The following column appeared in City & State magazine.

Like most American Jews, I tense up when I hear calls for a ceasefire in the Israel-Hamas War currently raging in Gaza. I do not recoil because I crave war – far from it. It is undeniable that the situation in Gaza is dire, with thousands of lives lost and many more displaced. I reject calls for a ceasefire because most of such calls for the last 150 days have been for Israel to lay down its arms and accept a genocidal terrorist organization which promises to deliver death and destruction on every Jew in the world to remain in power on its border. 

I reject calls for a ceasefire because I believe strongly in Israel’s war aims - to release the hostages, and to remove Hamas from power. 

More and more elected officials have been raising their voices to call for a ceasefire in Gaza. This is what City and State wished to highlight with its recent compendium of the New York-based politicians calling for a ceasefire in its recent listicle “The New York elected officials calling for a ceasefire in Gaza” when it lumped all those who have made such calls together in one big list.

It is imperative to point out that while some politicians advocate for an immediate and permanent ceasefire, others, like President Biden, recognize the need for a more nuanced approach. Last week, President Biden added his voice to the collective calls for a ceasefire but where his statements differ from those that have been made since October 7th are where he emphasizes the importance of bilateral negotiations, including hostage exchanges, to ensure a sustainable peace. Calls for a temporary ceasefire, contingent on the release of hostages and the cessation of Hamas aggression, offer a pragmatic solution to the crisis.

It may appear on the surface that these elected leaders are growing in number adding to greater political pressure on the U.S. government to lean on Israel to halt its war on Hamas, but it is crucial to recognize the diversity of thought among them. Grouping together all those who have called for a ceasefire oversimplifies the complexities of the conflict and undermines the efforts to achieve a lasting peace. Not all calls for a ceasefire are the same; there are stark differences in their intentions and implications.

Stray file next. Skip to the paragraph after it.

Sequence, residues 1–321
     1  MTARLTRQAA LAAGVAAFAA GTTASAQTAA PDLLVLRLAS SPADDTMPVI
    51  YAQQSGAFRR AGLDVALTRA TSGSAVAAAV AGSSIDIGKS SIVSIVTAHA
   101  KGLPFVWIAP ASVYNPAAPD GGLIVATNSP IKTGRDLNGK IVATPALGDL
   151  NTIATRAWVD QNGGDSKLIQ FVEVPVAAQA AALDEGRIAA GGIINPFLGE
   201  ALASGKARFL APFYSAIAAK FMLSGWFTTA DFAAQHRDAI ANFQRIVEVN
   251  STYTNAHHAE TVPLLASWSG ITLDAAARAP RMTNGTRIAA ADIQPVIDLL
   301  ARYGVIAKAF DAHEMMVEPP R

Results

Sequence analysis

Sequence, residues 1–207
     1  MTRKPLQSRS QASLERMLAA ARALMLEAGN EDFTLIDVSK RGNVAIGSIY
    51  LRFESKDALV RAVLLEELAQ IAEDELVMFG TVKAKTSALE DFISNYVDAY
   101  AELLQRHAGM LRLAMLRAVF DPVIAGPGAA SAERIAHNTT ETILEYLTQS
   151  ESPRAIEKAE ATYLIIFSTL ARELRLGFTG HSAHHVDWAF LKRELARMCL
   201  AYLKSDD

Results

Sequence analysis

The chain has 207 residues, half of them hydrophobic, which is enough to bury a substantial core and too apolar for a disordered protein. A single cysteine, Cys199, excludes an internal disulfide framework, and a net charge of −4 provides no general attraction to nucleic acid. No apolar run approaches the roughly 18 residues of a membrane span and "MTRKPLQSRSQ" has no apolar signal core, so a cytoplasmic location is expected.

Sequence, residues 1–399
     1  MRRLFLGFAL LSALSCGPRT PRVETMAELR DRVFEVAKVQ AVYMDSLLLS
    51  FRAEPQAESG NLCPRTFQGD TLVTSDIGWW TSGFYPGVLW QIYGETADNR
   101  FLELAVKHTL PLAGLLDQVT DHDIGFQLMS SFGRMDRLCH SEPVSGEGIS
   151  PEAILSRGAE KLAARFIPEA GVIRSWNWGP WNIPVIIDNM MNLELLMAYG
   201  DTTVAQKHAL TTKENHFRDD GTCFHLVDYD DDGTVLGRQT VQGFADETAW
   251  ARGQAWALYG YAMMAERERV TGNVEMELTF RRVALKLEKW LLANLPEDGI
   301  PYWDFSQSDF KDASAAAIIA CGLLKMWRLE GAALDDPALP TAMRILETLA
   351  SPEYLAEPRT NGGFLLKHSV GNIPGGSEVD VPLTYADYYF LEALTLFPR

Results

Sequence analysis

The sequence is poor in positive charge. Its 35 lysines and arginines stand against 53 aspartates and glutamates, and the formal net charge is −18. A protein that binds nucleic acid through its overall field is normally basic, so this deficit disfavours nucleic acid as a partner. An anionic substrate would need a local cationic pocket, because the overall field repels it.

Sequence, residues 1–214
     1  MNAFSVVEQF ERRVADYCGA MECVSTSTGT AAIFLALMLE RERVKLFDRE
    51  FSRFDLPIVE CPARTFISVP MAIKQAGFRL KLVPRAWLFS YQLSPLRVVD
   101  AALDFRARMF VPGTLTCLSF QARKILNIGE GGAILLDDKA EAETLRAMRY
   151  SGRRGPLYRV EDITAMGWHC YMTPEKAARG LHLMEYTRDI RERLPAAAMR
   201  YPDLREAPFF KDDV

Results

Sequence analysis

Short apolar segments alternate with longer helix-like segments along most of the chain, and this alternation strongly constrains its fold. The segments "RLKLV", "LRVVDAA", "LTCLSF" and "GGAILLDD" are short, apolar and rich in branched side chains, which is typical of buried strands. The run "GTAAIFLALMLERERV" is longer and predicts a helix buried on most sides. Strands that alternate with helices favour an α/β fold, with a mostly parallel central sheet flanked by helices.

At American Jewish Committee, our stance vis-a-vis a ceasefire aligns with the sentiments of most Jews. We acknowledge the urgent need for a resolution to the ongoing violence in Gaza. Yet, we firmly believe any ceasefire must be comprehensive and address the root causes of the conflict. Calls for an immediate and unilateral ceasefire, which allow Hamas to remain in control of Gaza, are incompatible with the goal of reaching a long-term peace. Hamas has a long track record of breaking ceasefires and using them to regroup and rearm, as evidenced by their actions in October. Trusting Hamas to abide by a unilateral ceasefire is both naive and dangerous.

A ceasefire that does not address the release of Israeli hostages held by Hamas is incomplete. As negotiations for their release continue, any temporary ceasefire must prioritize their safe return. Israel has the right to protect its citizens and secure the release of its people held captive by a terrorist organization. 

Some calls for ceasefire fail to hold Hamas accountable for its actions and do not address the underlying issues fueling the conflict. While humanitarian aid and civilian protection are essential, a ceasefire that does not address the threat posed by Hamas is unsustainable.

Hamas has pleaded with the world for a ceasefire, and when ceasefires have been presented to them, Hamas has rejected them. Hamas has the power to pause the fighting and allow for more aid to enter Gaza. Their rejection of these offers confirm that Hamas has no actual interest in governing Gaza or in the wellbeing of the Palestinian people. The sole goal of Hamas is the elimination of Israel and the Jewish people. 

It is crucial to distinguish between calls for ceasefire that prioritize the safety and security of all parties involved and those that ignore the complexities of the conflict. We must engage in constructive dialogue and work towards a solution that addresses the root causes of the violence.

The path to peace is fraught with obstacles, but with determination and cooperation, we can pave the way for a better future for all. 

Josh Kramer is the New York City regional director for American Jewish Committee.